Acute toxicity (oral LD50 or lethal dose 50% where 50% of the test subjects die) in mice arises at less than 50 mg/kg body weight. The LD50 for humans has been calculated as 5 mg/kg body weight (= 350 mg/70 kg body weight). The lethal dose is ten times higher (50 mg/kg). There are no data available for repeated or chronic use 67).
Interactions with Medicines
Although certain medicines should not be used together at all, in other cases two different medicines may be used together even if an interaction might occur. In these cases, your doctor may want to change the dose, or other precautions may be necessary. When you are taking yohimbine, it is especially important that your healthcare professional know if you are taking any of the medicines listed below. The following interactions have been selected on the basis of their potential significance and are not necessarily all-inclusive.
Using yohimbine with any of the following medicines may cause an increased risk of certain side effects, but using both drugs may be the best treatment for you. If both medicines are prescribed together, your doctor may change the dose or how often you use one or both of the medicines.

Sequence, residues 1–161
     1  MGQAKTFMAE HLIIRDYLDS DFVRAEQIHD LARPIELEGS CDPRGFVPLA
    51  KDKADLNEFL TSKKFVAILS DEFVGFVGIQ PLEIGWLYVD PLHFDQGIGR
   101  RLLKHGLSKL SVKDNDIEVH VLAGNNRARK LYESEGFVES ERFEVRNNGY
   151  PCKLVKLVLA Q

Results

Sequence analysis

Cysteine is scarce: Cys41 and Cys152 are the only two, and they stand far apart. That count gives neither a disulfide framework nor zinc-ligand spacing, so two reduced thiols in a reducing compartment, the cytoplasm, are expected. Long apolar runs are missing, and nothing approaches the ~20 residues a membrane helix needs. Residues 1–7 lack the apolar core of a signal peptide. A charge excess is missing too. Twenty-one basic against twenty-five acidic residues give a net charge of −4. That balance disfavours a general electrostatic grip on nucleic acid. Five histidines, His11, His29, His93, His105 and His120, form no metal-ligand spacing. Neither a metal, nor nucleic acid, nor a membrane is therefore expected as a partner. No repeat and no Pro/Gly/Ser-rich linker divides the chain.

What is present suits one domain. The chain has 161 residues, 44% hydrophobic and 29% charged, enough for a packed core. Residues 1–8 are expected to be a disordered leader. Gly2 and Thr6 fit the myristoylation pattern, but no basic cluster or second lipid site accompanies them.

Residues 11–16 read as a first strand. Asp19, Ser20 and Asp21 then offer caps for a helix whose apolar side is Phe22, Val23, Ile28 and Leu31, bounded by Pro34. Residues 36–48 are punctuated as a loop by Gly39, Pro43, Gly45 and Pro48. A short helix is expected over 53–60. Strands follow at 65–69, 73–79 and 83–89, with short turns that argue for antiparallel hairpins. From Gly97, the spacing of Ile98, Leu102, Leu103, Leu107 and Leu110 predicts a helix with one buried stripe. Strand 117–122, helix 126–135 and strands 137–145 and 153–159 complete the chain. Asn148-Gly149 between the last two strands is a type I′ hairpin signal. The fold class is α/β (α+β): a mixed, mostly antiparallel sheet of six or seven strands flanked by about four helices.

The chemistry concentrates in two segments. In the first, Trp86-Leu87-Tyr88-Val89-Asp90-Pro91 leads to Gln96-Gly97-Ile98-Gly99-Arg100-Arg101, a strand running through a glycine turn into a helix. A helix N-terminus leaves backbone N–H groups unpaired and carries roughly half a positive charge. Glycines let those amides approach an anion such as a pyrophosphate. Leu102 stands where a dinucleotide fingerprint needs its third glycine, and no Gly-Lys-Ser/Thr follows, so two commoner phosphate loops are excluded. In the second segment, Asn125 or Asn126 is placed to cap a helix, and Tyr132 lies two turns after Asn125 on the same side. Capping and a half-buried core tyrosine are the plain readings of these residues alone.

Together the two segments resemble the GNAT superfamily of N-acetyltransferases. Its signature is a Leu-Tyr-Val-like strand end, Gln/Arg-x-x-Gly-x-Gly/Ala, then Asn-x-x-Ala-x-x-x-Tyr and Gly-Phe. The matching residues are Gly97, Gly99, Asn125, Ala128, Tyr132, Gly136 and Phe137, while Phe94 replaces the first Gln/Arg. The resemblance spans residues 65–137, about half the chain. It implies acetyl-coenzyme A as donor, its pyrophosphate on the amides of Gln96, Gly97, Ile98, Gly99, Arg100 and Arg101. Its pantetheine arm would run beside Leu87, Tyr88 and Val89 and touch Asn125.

- Morphine Sulfate Liposome
Interactions with Food/Tobacco/Alcohol
Certain medicines should not be used at or around the time of eating food or eating certain types of food since interactions may occur. Using alcohol or tobacco with certain medicines may also cause interactions to occur. The following interactions have been selected on the basis of their potential significance and are not necessarily all-inclusive.
Using yohimbine with any of the following may cause an increased risk of certain side effects but may be unavoidable in some cases. If used together, your doctor may change the dose or how often you use yohimbine, or give you special instructions about the use of food, alcohol, or tobacco.
Other Medical Problems
The presence of other medical problems may affect the use of yohimbine. Make sure you tell your doctor if you have any other medical problems, especially:
- Angina pectoris or
- Depression or
- Other psychiatric illness or
- Heart disease or
- High blood pressure or
- Kidney disease—Yohimbine may make these conditions worse
Liver disease—Effects of yohimbine may be increased because of slower removal from the body.